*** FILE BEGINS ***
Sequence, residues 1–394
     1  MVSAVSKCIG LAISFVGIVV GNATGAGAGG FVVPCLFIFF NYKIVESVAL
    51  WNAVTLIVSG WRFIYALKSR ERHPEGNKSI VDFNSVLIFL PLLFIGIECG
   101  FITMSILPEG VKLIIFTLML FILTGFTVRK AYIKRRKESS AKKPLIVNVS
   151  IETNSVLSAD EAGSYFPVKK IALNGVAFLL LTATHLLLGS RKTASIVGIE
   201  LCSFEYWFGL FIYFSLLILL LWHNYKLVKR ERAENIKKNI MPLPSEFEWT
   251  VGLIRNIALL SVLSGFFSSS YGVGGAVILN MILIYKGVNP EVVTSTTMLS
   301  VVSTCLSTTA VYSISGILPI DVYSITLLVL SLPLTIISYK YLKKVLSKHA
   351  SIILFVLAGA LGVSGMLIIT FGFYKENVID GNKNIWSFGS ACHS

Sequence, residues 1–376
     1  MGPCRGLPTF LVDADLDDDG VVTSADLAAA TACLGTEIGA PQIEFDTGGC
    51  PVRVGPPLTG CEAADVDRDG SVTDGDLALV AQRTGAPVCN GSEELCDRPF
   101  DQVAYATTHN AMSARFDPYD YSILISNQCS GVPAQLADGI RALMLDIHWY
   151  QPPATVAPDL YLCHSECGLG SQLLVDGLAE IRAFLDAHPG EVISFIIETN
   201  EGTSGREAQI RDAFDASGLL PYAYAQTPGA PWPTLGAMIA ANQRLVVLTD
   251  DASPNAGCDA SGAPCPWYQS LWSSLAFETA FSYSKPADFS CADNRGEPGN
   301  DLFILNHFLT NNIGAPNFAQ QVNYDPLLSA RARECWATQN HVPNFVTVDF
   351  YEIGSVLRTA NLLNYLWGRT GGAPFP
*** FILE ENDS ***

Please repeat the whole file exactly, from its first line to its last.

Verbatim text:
Sequence, residues 1–394
     1  MVSAVSKCIG LAISFVGIVV GNATGAGAGG FVVPCLFIFF NYKIVESVAL
    51  WNAVTLIVSG WRFIYALKSR ERHPEGNKSI VDFNSVLIFL PLLFIGIECG
   101  FITMSILPEG VKLIIFTLML FILTGFTVRK AYIKRRKESS AKKPLIVNVS
   151  IETNSVLSAD EAGSYFPVKK IALNGVAFLL LTATHLLLGS RKTASIVGIE
   201  LCSFEYWFGL FIYFSLLILL LWHNYKLVKR ERAENIKKNI MPLPSEFEWT
   251  VGLIRNIALL SVLSGFFSSS YGVGGAVILN MILIYKGVNP EVVTSTTMLS
   301  VVSTCLSTTA VYSISGILPI DVYSITLLVL SLPLTIISYK YLKKVLSKHA
   351  SIILFVLAGA LGVSGMLIIT FGFYKENVID GNKNIWSFGS ACHS

Sequence, residues 1–376
     1  MGPCRGLPTF LVDADLDDDG VVTSADLAAA TACLGTEIGA PQIEFDTGGC
    51  PVRVGPPLTG CEAADVDRDG SVTDGDLALV AQRTGAPVCN GSEELCDRPF
   101  DQVAYATTHN AMSARFDPYD YSILISNQCS GVPAQLADGI RALMLDIHWY
   151  QPPATVAPDL YLCHSECGLG SQLLVDGLAE IRAFLDAHPG EVISFIIETN
   201  EGTSGREAQI RDAFDASGLL PYAYAQTPGA PWPTLGAMIA ANQRLVVLTD
   251  DASPNAGCDA SGAPCPWYQS LWSSLAFETA FSYSKPADFS CADNRGEPGN
   301  DLFILNHFLT NNIGAPNFAQ QVNYDPLLSA RARECWATQN HVPNFVTVDF
   351  YEIGSVLRTA NLLNYLWGRT GGAPFP